woman using virtual reality headset

The Future of the Virtual Campus Tour

When most people think of virtual reality, they conjure images of clunky headsets and an endless sea of wires and sensors. They may think of video games, and futuristic setups with users strapped into sophisticated rigs exploring complex digital environments. They almost certainly don’t think about higher education. But as the technology progresses, it might be time to start questioning how higher education can benefit from virtual reality.

From $73,000 Rig to $15 Cardboard Cutout

Rudimentary virtual reality systems began popping up as early as the 1950s, but it wasn’t until the 1990s that anything remotely resembling a viable consumer product hit the market. In 1991 The Virtuality Group released a sophisticated headset and body suit that provided an immersive virtual reality experience for the “bargain” price of around $73,000. While cheaper alternatives could be found — such as Nintendo’s $179 Virtual Boy — none ever achieved widespread adoption and were panned as little more than cheap gimmicks.

Today the virtual reality industry has grown by leaps and bounds. The experience that cost tens of thousands of dollars to create in the 1990s can now be delivered for as little as $1,500 to $2,000. While many argue that the price tag is still too expensive, companies like Sony, Samsung, and Google have leveraged existing smartphone technology to offer virtual reality headsets for as little as $15. While the functionality found in products like Google Cardboard is quite limited, and requires the user to have access to a smartphone, it might be time for the higher education industry to take notice of virtual reality and start thinking of ways to utilize it as a valuable recruitment tool.

Visit Campus Whenever and Wherever You’d Like with Virtual Reality

For prospective undergraduate students, visiting campus is one of the most important steps when deciding where to apply. The campus visit allows prospective families to get a sense of campus life, ask questions on the tour in real time, and interact with current students to determine if a particular college or university would be a good fit for them.

It’s an experience that most existing website campus “tours” in video or photos just can’t replicate. But virtual reality could change that.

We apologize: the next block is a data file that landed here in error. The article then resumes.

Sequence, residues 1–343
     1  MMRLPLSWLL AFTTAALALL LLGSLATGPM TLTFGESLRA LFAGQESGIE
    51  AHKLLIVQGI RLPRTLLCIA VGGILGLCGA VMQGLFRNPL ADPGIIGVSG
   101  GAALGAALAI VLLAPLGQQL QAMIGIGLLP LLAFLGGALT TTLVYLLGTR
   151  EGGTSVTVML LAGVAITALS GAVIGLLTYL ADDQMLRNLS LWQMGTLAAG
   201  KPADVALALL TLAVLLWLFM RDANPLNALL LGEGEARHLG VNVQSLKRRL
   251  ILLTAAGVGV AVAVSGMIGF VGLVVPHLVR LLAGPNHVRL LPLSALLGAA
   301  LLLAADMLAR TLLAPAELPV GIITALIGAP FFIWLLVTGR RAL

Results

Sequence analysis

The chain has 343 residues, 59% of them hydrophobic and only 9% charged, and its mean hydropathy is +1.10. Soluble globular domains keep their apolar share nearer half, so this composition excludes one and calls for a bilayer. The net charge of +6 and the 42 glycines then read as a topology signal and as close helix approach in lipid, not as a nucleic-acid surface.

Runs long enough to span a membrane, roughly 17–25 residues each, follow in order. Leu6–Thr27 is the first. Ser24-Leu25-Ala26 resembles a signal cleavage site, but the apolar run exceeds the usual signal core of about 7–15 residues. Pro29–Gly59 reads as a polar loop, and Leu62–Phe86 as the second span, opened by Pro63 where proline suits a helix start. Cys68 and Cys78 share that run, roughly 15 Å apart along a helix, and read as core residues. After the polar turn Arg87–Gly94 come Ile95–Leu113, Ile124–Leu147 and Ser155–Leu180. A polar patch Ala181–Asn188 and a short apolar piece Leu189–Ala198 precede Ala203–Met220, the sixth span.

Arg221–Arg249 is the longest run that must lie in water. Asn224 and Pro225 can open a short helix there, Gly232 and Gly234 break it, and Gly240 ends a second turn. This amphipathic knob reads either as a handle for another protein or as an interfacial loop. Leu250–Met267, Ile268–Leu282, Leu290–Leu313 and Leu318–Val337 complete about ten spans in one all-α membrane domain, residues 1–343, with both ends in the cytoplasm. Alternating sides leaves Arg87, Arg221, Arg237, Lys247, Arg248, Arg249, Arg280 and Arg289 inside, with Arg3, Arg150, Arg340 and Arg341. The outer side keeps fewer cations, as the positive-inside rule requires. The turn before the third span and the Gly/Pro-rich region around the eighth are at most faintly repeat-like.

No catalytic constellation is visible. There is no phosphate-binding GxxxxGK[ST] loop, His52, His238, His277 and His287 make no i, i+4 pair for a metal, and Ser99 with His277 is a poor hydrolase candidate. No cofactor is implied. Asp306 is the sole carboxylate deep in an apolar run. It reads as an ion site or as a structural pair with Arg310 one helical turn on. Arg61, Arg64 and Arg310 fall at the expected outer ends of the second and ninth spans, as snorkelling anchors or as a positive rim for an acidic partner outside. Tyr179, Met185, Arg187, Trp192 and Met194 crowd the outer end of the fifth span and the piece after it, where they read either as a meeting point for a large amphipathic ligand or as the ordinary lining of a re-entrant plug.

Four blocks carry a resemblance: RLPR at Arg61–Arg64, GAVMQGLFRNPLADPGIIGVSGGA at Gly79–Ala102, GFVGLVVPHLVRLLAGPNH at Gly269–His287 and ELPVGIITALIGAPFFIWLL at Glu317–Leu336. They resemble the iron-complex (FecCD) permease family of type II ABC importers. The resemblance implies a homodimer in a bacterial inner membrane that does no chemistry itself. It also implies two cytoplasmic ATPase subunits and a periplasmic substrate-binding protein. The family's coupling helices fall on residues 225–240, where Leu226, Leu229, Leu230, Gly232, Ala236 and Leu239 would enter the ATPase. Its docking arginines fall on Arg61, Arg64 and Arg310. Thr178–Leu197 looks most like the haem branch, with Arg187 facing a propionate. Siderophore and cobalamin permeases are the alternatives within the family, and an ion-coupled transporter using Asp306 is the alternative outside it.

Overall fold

When engaging with a web-based campus tour, the prospective student is limited to a predetermined path. They are often presented with static images and slideshows that adequately represent what the campus looks like, but not what it feels like. For prospects who don’t have the time or simply can’t afford a trip to campus, it’s a poor substitute for the real thing.


Compare that experience to a video virtual tour, like the one produced by Seattle Pacific University. When using a virtual reality headset, the viewer can engage with the virtual campus in ways that simply aren’t possible with a traditional mobile or desktop device. They can pan around in any direction and focus their attention as they see fit, just as they could if they were physically standing on campus. While it’s possible for viewers to mimic that same freedom by dragging their cursor on a screen, the experience provided by wearing a headset and simply moving your head is far more intuitive and immersive.

Bringing the Virtual Reality Experience to Your Prospects

While the demand for virtual reality is certainly growing, it’s still not nearly as ubiquitous as smartphones and laptops. In short, there’s no guarantee your prospects will have access to a headset with which to view your virtual reality tour. Until the market evolves to a point where VR headsets are commonplace, you’ll have to bring the experience to them.

The good news is it might be a lot cheaper than you’d think.

Direct mail is still a popular, and effective, marketing tool for colleges and universities and it’s a perfect fit for virtual reality. Whether you choose to center a campaign around a virtual reality experience, or opt to include a cardboard VR headset as part of an existing campaign, the $15 cost per headset can be reduced dramatically when purchased in bulk — with some vendors claiming less than $1 for large orders.

In 2015, the Savannah College of Art and Design took this exact approach when they mailed 5,000 cardboard VR headsets to accepted students.

A prospective student wearing VR glasses at a college fair

Another great opportunity for virtual reality is to incorporate it into college fairs and high school recruitment visits. Mount St. Joseph University took this approach at the 2016 during the Columbus College Fair.

Bringing along a few inexpensive headsets, or even setting up a more expensive rig, is a great way to drive traffic to your booth and give prospective students the chance to engage with your campus in an immersive way.